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Discussion Starter · #4 ·
I checked out the MRC reactors, but I really don't believe I have the room for two canisters. For some reason the Geo makes sense to me, so I'm thinking of going with the 818. I have to get the co2 regulator and solenoid separately...they show different manufacturers...is one better than another, I mean I'm sure they are all good but I'm not sure if one material makes a better valve, and also I have seen special needle valves-is this an extra or something needed. I need an education on CO2 regulators and solenoid valves...please, what are your thoughts....
 

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I like the regulator with the bubble count attached....I ordered an extra needle valve to keep incase mine gets clogged.....also mine is a mrc single chamber...don't take up much room at all....good luck....
 

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I have to get the co2 regulator and solenoid separately...they show different manufacturers...is one better than another, I mean I'm sure they are all good but I'm not sure if one material makes a better valve, and also I have seen special needle valves-is this an extra or something needed. I need an education on CO2 regulators and solenoid valves...please, what are your thoughts....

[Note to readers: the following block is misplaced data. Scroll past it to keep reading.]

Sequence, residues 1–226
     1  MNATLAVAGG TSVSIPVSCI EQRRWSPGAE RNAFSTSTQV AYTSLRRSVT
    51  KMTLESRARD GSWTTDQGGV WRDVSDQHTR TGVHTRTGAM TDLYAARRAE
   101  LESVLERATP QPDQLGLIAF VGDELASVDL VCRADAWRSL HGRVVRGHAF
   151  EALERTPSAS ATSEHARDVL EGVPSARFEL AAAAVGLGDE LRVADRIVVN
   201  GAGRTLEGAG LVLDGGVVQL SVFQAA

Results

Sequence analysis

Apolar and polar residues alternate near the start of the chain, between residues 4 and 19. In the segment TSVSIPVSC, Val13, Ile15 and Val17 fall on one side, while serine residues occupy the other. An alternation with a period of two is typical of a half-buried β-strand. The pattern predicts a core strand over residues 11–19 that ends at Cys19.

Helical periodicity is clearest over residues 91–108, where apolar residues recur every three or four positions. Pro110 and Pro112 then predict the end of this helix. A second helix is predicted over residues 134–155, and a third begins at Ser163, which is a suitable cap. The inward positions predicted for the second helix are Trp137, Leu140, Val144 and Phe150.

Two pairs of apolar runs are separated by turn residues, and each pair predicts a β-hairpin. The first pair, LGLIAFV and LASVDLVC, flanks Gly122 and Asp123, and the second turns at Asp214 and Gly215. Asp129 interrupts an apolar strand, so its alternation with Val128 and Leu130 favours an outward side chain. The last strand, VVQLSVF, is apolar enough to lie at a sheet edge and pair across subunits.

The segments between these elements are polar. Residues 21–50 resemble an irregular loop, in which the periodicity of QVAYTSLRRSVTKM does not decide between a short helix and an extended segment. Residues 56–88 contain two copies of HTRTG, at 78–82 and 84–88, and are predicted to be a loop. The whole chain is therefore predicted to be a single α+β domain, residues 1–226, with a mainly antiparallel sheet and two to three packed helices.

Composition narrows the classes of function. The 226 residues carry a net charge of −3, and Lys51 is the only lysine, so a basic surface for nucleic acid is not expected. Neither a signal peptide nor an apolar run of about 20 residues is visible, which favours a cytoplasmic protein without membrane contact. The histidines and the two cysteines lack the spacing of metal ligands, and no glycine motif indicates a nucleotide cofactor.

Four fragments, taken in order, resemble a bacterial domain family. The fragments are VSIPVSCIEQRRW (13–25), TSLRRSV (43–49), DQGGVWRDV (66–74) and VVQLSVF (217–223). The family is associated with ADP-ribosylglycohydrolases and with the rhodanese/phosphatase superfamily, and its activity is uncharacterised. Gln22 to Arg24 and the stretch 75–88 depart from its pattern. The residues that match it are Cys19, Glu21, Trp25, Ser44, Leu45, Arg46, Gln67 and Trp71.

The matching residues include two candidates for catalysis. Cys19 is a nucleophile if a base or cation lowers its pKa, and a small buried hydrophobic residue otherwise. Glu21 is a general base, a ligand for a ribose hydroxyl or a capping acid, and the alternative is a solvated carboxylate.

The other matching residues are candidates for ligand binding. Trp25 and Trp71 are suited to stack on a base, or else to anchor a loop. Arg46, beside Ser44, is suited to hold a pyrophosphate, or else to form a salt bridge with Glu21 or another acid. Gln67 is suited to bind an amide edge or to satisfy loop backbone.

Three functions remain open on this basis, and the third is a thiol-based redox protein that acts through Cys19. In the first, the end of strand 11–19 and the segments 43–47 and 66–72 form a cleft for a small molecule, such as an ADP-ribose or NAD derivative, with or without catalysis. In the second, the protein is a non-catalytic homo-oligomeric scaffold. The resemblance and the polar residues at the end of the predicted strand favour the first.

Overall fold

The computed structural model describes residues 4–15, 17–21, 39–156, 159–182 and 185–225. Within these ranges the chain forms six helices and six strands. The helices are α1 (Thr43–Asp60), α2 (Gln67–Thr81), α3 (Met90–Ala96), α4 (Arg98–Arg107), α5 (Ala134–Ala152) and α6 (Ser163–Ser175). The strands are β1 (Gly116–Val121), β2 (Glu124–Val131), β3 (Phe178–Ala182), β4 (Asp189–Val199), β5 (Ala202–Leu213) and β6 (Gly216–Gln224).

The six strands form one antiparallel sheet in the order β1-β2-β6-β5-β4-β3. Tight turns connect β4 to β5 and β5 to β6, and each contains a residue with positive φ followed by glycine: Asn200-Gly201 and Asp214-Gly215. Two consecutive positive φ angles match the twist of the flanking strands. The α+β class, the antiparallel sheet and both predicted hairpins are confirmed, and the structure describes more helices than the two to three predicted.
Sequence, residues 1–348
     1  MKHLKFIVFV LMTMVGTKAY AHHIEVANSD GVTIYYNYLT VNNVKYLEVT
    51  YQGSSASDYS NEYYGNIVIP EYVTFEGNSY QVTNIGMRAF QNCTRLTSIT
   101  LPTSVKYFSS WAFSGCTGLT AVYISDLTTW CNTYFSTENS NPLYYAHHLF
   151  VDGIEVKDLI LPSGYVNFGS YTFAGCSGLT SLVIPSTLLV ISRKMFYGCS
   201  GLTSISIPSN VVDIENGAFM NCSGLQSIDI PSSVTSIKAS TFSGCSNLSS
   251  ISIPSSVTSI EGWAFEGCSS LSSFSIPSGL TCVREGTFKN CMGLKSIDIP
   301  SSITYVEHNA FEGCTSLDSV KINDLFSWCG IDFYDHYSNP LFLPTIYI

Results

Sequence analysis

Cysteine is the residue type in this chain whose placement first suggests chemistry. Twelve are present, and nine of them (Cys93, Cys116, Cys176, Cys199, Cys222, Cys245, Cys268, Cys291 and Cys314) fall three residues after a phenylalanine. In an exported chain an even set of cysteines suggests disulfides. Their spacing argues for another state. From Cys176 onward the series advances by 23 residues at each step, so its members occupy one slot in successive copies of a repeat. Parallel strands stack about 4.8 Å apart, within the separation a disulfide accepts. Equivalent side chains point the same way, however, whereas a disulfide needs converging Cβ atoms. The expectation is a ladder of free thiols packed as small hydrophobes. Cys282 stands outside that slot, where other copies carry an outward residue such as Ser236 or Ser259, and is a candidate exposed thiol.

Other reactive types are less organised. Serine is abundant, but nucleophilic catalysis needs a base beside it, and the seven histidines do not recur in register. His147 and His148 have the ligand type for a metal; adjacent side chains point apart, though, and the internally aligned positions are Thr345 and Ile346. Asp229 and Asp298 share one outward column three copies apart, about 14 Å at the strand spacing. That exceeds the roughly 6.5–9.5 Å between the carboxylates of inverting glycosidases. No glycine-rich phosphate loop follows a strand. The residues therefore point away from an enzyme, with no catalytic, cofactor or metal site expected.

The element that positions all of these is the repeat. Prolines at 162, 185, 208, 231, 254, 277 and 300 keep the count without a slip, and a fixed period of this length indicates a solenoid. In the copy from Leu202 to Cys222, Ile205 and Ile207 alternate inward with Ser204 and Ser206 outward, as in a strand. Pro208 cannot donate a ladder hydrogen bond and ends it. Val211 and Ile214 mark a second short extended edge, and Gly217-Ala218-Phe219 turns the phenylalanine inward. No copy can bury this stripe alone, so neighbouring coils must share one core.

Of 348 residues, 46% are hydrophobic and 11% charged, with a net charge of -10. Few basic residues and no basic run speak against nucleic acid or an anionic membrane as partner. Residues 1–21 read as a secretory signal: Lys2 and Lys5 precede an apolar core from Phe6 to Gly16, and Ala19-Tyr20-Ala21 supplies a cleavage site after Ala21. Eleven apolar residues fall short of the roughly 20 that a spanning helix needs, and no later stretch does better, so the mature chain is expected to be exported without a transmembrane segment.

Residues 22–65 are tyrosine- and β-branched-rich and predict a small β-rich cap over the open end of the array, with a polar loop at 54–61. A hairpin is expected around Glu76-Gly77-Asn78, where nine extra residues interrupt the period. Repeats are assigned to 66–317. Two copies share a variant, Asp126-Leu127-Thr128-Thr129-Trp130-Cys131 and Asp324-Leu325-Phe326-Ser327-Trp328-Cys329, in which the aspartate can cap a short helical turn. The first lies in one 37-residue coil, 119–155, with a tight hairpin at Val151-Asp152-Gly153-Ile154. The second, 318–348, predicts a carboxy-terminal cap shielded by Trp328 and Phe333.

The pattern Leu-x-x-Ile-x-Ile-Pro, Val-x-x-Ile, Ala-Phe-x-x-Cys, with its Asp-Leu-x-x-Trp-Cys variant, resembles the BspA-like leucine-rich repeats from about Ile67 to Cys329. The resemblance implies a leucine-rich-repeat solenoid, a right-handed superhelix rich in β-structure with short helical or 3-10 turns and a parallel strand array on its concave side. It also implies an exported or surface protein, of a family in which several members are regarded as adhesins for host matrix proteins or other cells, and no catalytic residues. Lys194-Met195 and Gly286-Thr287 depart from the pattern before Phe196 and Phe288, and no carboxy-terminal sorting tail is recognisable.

I always found it easiest to buy all-in-one units, like this:


http://www.marinedepot.com/md_viewItem.asp?idProduct=CO3111
 

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Viv, all of Geo's products are excellent quality and his customer service is also very good.
Steve
 

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Discussion Starter · #9 ·
Just when I thought I knew what I was doing along came a few (two) more questions. Is the size of the reactor an issue. I mean other than placing in a cabinet? Mine will be placed outside the cabinet, so its not a concern about height...then I thought ask before you do something wrong...so is it about fitting in the cabinet or efficiency? 2nd question, how do you determine the feed pump?
 

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Hi Viv

You should also check out the Schuran Jetstream, very well made, and definitely should be able to handle your system. And it is a very slim design and can actually be mounted onto the wall or your cabinet wall.

As for feed pump, most people either plumb it from their return pump (save energy) or get a separate feed pump or peristaltic pump.